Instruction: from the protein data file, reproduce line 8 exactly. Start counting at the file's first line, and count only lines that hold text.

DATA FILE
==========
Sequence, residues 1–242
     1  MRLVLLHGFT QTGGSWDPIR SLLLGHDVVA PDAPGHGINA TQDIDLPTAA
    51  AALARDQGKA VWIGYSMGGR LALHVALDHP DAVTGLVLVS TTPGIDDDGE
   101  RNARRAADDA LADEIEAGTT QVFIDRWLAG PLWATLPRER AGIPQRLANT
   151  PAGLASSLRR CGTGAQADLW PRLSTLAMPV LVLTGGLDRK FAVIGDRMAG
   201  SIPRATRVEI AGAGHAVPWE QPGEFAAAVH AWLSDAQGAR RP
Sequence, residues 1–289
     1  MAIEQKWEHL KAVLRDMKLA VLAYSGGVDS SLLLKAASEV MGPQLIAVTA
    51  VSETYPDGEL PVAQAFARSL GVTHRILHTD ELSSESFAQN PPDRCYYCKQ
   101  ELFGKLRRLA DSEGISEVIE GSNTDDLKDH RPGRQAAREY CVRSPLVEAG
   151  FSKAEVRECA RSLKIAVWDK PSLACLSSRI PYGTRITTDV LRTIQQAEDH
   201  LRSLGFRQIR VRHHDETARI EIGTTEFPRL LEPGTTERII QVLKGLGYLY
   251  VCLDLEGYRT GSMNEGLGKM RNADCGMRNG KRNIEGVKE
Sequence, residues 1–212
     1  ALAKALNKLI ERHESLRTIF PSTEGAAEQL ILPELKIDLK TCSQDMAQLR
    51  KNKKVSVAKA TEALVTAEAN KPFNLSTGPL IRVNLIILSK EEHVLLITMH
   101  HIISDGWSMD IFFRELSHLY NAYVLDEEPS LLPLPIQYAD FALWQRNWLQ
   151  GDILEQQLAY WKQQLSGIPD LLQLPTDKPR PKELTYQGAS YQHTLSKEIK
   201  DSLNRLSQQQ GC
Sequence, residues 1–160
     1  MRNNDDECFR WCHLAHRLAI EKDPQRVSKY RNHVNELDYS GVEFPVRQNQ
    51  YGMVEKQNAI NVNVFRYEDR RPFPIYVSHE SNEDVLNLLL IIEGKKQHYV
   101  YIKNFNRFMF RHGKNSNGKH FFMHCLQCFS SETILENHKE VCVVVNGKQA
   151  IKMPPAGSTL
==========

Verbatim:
     1  MAIEQKWEHL KAVLRDMKLA VLAYSGGVDS SLLLKAASEV MGPQLIAVTA